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EU: The measures to redesign the electricity market

The reform of the European market electric power which will aim to strengthen the renewable energy sourcesbetter consumer protection and the strengthening of industrial competitiveness, the European Commission proposed on Tuesday (14/3).

“The EU has had an efficient, well-integrated electricity market for over twenty years, which has allowed consumers to reap the economic benefits of a single energy market, ensured energy supply and promoted the decarbonisation process” it points out in its relevant announcement Commission.

“The energy crisis caused by Russia’s invasion of Ukraine demonstrated the need to rapidly adapt the electricity market to more effectively support the green transition and provide energy consumersfor both households and businesses, broad access to affordable electricity from renewable and non-fossil sources” is noted as broadcast by the Athens News Agency

The reform proposed by the Commission provides for revisions of various EU legislative acts – in particular the Electricity Regulation, the Electricity Directive and the Regulation on Wholesale Energy Market Integrity and Transparency (REMIT).

The EU is also introducing measures to incentivize long-term contracts for electricity generation from non-fossil sources and introduce more clean flexible solutions to the system to compete with gas, such as demand response and storage. According to the Commission, this will reduce the impact of fossil fuels on consumers’ electricity bills and reflect the lower costs of renewable energy sources. In addition, the proposed reform will stimulate open and fair competition in European wholesale energy markets, enhancing market transparency and integrity.

The creation of an energy system based on renewable energy sources is of vital importance

Creating an energy system based on renewable energy sources is vital not only to reduce consumer bills, but also to ensure the EU’s sustainable and independent energy supply, in line with the European Green Deal and the REPowerEU plan.

This reform, which is also part of the Green Deal’s industrial plan, will enable European industry to access affordable renewable, non-fossil energy, a key enabler of the decarbonisation and green transition. To meet energy and climate targets, the Commission says renewable energy deployment will need to triple by the end of the current decade.

According to the Commission, its proposals to reform the electricity market will allow consumers and suppliers to benefit from increased price stability thanks to renewable and non-fossil energy technologies. Most importantly, they will offer consumers a wide choice of contracts and clearer information before signing a contract, so they can secure safe, long-term prices and avoid excessive risk and excessive volatility. At the same time, they will still be able to choose dynamic pricing contracts to take advantage of price volatility to use electricity when it is cheaper (eg to charge electric cars or use heat pumps).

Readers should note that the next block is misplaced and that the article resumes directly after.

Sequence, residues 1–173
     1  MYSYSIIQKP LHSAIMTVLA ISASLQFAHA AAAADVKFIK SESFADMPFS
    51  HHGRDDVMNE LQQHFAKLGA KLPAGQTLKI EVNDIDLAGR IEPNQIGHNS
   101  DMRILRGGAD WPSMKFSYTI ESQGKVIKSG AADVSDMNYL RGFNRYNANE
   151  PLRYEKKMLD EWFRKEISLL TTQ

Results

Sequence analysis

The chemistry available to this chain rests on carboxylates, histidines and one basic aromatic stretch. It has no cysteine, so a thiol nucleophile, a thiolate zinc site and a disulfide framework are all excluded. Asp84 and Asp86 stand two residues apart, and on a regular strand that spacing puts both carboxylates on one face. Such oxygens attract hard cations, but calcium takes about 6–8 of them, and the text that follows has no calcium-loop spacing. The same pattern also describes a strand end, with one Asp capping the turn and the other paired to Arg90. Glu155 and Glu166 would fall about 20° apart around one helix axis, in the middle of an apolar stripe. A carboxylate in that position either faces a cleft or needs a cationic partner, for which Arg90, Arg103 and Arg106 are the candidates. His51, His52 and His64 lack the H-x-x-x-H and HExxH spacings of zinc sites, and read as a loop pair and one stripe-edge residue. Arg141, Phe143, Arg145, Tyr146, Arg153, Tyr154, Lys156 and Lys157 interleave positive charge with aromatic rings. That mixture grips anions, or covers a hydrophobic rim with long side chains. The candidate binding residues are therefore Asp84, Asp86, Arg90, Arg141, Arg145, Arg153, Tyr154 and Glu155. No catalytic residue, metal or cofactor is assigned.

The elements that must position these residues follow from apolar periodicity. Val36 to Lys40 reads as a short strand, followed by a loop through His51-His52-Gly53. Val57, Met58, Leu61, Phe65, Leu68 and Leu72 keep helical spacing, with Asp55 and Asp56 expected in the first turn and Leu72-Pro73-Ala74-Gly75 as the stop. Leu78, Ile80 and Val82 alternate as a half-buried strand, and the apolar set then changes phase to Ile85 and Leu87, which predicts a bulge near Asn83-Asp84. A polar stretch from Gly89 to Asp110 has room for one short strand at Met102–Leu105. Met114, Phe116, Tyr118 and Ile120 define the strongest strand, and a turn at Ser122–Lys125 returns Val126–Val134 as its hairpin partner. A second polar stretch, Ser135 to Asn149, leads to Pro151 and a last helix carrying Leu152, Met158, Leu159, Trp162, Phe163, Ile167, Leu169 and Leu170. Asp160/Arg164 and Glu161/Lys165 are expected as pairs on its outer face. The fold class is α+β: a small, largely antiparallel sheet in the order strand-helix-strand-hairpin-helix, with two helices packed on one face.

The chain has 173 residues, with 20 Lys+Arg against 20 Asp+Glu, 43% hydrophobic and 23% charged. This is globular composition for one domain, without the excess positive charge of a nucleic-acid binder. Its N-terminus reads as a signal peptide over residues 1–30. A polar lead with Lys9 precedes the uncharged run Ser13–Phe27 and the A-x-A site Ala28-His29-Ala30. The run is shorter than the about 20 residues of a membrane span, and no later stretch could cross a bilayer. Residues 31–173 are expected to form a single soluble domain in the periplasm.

In addition, the reform aims to enhance price stability by reducing the risk of supplier defaults. The Commission proposes that suppliers should be required to manage price risk at least to the extent of fixed price contract quantities, so that they are less exposed to price spikes and market volatility. It also obliges member states to set up suppliers of last resort so that no consumer is left without electricity.

Also, under the proposed reform, Member States will protect vulnerable consumers who face payment delays so that they are not disconnected from the electricity grid. It also allows Member States to extend regulated retail prices to households and SMEs in the event of a crisis.

To improve the flexibility of the electricity system, Member States will be asked to assess their needs, set targets for increasing flexibility based on non-fossil resources and will be able to introduce new support regimes, in particular for demand response and storage. The reform also allows system operators to procure peak demand reduction services.

Moreoverto strengthen the competitiveness of EU industry and reduce its exposure to volatile pricesthe Commission proposes to facilitate the conclusion of more stable long-term contracts, such as Power Purchase Agreements (PPAs), through which businesses secure their own direct energy supplies and can therefore benefit from more stable prices electricity generation from renewable and non-mineral sources.

In order to ensure income stability for electricity producers and to shield the industry from price volatility, any public support for new investment in sub-threshold or mandated renewable and non-fossil power generation should take the form of a two-way contract for difference (CfD) and Member States should pass on the excess revenue to consumers. In addition, the reform will boost the liquidity of markets for long-term contracts that secure future prices, so-called “forward contracts”. This will allow more suppliers and consumers to hedge against highly volatile prices over longer periods of time.

Finally, to ensure competitive markets and transparent price setting, the Agency for the Cooperation of Energy Regulators (ACER) and national regulators will have a strengthened capacity to monitor the integrity and transparency of the energy market. In particular, the updated Regulation on Wholesale Energy Market Integrity and Transparency (REMIT) will ensure better data quality and strengthen ACER’s role in investigations of potential cross-border market abuse. Overall, it will strengthen the protection of EU consumers and industry against any market abuse.

The proposed reform will now have to be discussed and agreed by the European Parliament and the Council before it comes into force.

Source: News Beast

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